Christopher Campbell's The Moviegoer - Cinemapocalypse
by Christopher Campbell
November 17, 2008
What are you going to do when all the movie theaters are gone? I know, you'll probably take the money you would have spent on tickets and save up for a really nice home theater. And you'll still enjoy watching movies, only on a smaller scale. No big deal. Well, not me. I'm really not that into DVD, VOD and streaming video as permanent alternatives to moviegoing. They're fine as supplemental viewing options, but if they were the only things available, I probably wouldn't be as much of a cinephile as I am. If all the movie theaters disappeared, I might have to get back into live music or take up recreational sports.
Why all the doom and gloom? Why am I imagining a dystopia not unlike the one in Reign of Fire, with its lack of cinema clearly evident in its characters' dramatic staging of Star Wars (never mind the dragons - I'm more afraid of a world without movies theaters)? Because if National Amusements is having financial troubles, then I don't see much hope left for the rest of the exhibition industry. The cinema chain, my old employer, has been one of the strongest bedrocks of the business for many decades. And six, seven years ago, when many of the big chains were declaring bankruptcy due to the optimistic overbuilding of multiplexes, National Amusements continued to be in great shape. But now, with reports that the company is struggling to either partially pay off or restructure a $1.6 billion debt, it seems that even the best-run theater chains are no longer immune to economic woes.
Chairman and CEO Sumner Redstone stated recently that his company is working with banks better than has been reported and his daughter, National Amusements president Shari Redstone, will do everything she can to avoid selling theaters, despite speculation that the chain will be forced to do so. So it's possible the chain isn't in too much trouble. But the whole ordeal is still an omen that the end of movie theaters is nigh. Exhibitors have already been experiencing low profits before the financial crisis began. And since then, moviegoing hasn't necessarily been down but concession consumption is reportedly in a terrible state.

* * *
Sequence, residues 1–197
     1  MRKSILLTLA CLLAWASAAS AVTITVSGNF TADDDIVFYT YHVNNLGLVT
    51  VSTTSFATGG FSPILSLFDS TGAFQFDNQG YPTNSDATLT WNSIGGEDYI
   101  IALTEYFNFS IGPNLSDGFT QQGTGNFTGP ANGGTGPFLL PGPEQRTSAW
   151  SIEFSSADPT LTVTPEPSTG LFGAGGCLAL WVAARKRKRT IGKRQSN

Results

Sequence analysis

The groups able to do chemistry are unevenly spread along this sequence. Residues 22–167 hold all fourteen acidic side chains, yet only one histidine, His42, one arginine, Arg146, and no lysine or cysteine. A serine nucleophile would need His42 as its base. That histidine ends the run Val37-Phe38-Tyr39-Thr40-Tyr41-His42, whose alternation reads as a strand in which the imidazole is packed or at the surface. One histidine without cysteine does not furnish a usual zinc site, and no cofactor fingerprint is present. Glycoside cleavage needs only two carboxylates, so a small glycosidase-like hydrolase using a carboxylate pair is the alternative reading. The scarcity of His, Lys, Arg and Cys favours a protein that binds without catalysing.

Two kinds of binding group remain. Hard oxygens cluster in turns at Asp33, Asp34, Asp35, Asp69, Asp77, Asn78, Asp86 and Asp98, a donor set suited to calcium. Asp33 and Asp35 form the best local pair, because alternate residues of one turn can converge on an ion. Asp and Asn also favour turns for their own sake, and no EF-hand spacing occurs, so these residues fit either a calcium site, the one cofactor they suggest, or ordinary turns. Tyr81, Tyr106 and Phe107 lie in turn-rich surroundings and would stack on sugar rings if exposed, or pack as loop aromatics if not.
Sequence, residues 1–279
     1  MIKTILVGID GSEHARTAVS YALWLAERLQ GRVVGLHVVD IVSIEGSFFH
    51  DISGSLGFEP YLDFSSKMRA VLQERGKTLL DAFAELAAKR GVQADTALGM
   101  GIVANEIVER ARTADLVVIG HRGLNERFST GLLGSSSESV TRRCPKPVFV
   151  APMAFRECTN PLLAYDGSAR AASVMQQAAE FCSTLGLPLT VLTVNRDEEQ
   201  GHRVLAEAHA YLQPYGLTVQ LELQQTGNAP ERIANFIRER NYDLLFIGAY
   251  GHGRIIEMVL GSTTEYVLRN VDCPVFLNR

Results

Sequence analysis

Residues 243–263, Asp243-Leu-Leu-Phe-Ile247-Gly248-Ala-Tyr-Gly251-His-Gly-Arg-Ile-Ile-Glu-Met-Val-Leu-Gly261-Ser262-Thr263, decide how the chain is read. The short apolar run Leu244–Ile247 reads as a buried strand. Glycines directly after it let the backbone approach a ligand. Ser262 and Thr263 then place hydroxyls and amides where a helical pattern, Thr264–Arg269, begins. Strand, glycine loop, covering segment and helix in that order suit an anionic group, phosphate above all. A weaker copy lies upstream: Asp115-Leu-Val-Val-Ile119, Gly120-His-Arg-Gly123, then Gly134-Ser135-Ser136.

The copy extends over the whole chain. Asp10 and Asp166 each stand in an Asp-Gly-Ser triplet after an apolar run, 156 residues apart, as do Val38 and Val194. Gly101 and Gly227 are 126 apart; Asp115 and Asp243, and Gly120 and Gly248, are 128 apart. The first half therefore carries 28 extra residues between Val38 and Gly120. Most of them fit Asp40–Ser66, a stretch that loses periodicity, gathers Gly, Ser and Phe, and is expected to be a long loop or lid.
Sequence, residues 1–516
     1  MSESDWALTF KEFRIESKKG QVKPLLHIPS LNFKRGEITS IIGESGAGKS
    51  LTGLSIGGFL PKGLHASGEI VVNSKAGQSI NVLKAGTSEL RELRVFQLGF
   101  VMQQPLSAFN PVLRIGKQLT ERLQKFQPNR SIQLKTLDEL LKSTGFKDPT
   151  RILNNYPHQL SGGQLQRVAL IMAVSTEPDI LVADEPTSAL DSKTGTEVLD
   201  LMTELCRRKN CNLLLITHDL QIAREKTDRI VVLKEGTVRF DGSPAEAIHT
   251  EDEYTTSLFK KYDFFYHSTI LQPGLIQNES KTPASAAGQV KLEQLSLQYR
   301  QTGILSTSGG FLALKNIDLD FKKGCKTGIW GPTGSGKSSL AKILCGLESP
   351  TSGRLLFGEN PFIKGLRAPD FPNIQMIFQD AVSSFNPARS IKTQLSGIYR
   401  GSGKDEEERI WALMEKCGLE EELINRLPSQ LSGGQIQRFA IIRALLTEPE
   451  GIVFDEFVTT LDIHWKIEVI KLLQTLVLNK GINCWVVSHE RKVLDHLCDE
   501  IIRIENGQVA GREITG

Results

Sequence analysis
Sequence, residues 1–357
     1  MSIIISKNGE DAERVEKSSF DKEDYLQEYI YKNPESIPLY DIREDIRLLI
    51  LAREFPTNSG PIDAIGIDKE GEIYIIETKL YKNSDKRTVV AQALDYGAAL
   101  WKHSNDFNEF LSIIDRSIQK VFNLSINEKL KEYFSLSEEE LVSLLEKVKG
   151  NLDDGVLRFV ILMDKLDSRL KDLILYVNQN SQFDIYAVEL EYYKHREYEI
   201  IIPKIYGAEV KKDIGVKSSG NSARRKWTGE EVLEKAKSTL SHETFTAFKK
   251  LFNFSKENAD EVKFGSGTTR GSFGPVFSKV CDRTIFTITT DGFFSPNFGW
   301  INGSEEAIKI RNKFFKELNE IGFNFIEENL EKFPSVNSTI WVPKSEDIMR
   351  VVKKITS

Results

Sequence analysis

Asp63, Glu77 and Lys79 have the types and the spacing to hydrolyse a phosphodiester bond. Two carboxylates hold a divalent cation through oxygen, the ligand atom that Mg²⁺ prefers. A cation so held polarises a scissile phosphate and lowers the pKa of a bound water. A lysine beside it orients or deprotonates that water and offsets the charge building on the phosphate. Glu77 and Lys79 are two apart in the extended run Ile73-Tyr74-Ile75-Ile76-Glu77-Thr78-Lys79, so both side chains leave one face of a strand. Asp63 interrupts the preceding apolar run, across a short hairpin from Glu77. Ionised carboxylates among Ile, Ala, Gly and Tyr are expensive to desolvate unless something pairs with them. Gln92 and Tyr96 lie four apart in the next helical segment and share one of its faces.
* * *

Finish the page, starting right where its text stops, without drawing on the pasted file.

Certainly theatrical movie exhibition won't die out completely, at least not right away. I see it being somewhat like what happened to video games. When most of the arcades that populated suburbs in the '80s closed down, gamers were fine staying home with their Nintendos and PlayStations. But for people like me, who never got into playing video games on a TV, there were eventually two options: overpriced attraction-based arcades like Dave & Busters or a favorite Brooklyn watering hole featuring more than 20 coin-operated machines appropriately called Barcade.
Two similar directions are already visible in the business of movie theaters. On the one side are the overpriced "high-end" cinemas, such as National Amusements' own Cinema De Lux theaters, which offer fancy menu items, cocktails and concierge service, and Village Roadshow's new Gold Class Cinemas, tickets for which will cost $35. Also in this bracket are the movies-as-attraction cinemas that will primarily show spectacles in IMAX and 3-D, although not too many of those exist just yet. On the other side of the spectrum will be bar-cinema hybrids, whether they're like the Alamo Drafthouse and Speakeasy Theaters brand varieties or simply neighborhood bars that project movies on a wall.
The cinemas that fall between these two options are likely to disappear. Say goodbye to the average local multiplexes with their decreasing attendance and near-bankrupt popcorn stands. Moviegoing in general will be a more spread-out pastime, both in terms of how often we go and how far it is to the nearest luxury theater. It will truly be an event then, like going to an concert, football game or amusement park. More convenient and casual, though, will be the pub cinemas and other indie stalwarts, which may resemble the art houses of way back when. They, too, may be spread out, though primarily in metropolitan areas.
If you're like me and prefer all your movies to be on the big screen, you'll probably need to move to the city sometime in the next few years. But if you're not like me, and instead you're completely content with the home-viewing experience, and you're fine with the occasional trek to the nearest cultural center for a once-in-a-while treat, you likely won't even notice when the majority of movie theaters are gone.